Example of a well-designed PACS reading environment.
BSA LifeStructures

Just as safe, effective imaging requires a team of skilled professionals working with accurately calibrated equipment, planning and designing a successful imaging center or hospital outpatient imaging facility depends on a multidisciplinary team that combines creative vision with accurate facility, operational, satisfaction, and research metrics.

Health care facility building enclosures are typically designed for a life cycle of 50 years or more, 20 years or more for the interior layout, and 7 years or more for the finishes.

With that in mind, for any building plan (new, renovation, or expansion), a facility’s design team not only will utilize current metrics to create a plan for the present, but also will consult and rely on projections for the future to anticipate those inevitable, necessary alterations.

Imaging facilities are particularly sensitive to the need for planning ahead for anticipated changes to their spatial requirements; the design and size of their structural, mechanical, and electrical engineering systems; and strategies for shielding against radiation.

Taking the Measure of a Facility, Planning for Success

Facility metrics constitute the data that define the physical environment. For imaging, this data may include:

  • the number and area in square feet of procedure and support spaces
  • the area of public and private circulation spaces
  • the distances within the imaging suite for radiologist and staff to travel
  • the physical distances between equipment, structures, and furnishings
  • clinical adjacencies and travel distances between imaging and related departments, such as Emergency
  • patient travel distances

This magnetic resonance imaging (MRI) suite at Swedish Covenant Hospital-Galter Medical Pavilion in Chicago was designed to reduce anxiety.
Megan Van Valer, MV2 Photography

Design teams use a variety of sources to obtain these facility metrics. The specifications of equipment manufacturers are collected and analyzed by the design team’s medical technology planners. The American Institute of Architects (AIA) guidelines are consulted on the design and construction of health care facilities. Parameters of the facility are compared against its competitors in the institution’s local and regional markets, and against new facilities that are nationally ranked as the best in their class.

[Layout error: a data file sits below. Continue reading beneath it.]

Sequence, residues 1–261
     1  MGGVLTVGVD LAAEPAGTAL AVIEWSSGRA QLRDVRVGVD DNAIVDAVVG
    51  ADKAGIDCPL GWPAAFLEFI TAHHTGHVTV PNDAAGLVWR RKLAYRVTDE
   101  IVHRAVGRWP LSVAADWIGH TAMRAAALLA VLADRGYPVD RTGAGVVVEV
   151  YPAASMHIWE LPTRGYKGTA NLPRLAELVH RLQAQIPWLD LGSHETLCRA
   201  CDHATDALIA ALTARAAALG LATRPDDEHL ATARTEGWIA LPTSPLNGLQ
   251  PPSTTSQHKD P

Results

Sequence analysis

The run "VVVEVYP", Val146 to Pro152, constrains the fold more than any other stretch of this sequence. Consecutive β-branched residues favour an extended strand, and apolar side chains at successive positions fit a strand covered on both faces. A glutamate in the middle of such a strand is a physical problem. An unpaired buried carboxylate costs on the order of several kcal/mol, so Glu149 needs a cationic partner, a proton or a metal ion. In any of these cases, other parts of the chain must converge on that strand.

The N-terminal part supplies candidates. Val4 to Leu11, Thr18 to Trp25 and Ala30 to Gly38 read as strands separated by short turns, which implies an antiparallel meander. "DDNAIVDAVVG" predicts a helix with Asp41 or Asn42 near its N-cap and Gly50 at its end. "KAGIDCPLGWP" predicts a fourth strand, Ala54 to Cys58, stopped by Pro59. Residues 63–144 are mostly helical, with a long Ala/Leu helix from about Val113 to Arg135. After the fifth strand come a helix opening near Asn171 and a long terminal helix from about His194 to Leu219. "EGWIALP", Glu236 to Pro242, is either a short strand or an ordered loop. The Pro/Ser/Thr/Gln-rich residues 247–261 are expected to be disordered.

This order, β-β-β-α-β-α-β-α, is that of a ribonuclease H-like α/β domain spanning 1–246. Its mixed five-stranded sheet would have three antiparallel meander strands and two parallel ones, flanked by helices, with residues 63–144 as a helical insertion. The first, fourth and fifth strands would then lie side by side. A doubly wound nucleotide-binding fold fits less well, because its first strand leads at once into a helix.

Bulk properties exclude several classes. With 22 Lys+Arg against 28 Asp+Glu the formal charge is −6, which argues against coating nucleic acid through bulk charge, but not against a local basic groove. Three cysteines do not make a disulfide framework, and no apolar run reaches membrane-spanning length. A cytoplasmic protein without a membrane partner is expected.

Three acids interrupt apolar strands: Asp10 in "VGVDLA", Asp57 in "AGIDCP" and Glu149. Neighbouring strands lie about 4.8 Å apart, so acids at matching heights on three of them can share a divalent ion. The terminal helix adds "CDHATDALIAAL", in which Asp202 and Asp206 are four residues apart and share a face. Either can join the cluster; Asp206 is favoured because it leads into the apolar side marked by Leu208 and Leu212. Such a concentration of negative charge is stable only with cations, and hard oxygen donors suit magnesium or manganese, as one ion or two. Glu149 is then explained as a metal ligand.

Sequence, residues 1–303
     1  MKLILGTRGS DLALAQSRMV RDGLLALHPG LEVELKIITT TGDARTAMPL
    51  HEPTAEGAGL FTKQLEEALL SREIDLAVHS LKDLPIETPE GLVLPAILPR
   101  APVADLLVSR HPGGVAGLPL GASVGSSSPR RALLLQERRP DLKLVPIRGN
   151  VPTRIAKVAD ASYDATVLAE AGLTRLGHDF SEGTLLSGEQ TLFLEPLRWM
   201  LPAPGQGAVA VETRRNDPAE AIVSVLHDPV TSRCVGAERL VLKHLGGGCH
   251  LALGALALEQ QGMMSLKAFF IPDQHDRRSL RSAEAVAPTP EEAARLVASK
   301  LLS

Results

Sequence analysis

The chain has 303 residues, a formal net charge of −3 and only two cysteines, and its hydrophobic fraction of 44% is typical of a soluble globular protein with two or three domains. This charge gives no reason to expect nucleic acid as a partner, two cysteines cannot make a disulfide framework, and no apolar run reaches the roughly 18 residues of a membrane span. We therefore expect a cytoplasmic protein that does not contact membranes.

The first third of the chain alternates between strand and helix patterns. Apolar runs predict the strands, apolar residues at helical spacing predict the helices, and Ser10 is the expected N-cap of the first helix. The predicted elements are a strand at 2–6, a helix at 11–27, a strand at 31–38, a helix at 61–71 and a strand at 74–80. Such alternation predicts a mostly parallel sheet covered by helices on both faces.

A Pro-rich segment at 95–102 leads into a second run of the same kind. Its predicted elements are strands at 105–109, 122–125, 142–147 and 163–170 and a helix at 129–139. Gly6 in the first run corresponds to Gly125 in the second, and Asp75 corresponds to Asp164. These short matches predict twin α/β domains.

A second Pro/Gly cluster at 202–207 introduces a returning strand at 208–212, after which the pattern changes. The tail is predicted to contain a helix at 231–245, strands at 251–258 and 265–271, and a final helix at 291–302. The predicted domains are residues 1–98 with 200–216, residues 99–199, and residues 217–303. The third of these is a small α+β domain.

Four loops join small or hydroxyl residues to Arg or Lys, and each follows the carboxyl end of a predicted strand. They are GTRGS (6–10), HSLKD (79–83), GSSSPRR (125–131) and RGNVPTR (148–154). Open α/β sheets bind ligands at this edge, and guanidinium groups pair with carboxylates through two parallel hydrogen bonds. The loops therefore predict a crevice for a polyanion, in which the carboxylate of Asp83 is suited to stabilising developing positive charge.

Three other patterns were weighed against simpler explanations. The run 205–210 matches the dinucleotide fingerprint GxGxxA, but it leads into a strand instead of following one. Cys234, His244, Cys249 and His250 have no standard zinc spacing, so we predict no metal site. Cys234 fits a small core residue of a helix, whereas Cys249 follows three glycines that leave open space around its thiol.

As valuable as these metrics are in space planning, they are best viewed as baseline data, not as variables in a standard formula. In particular, a good economic case can be made for exceeding square footage baselines to provide the flexibility to accommodate new imaging technology for years to come. Even one to two percent additional space can provide needed flexibility in the future, economically and with less disruption to ongoing operations during the renovation process.

Facility metrics provide a guideline for the allocation of space and optimal location for future expansion. For example, the design team will strive to locate “soft” or support spaces adjacent to procedure rooms that are likely to undergo future modifications. In addition, the design team will locate high-acuity modalities, such as MRI, along an exterior wall because their structural, mechanical, electrical, and/or shielding requirements can be met most cost-effectively by new construction.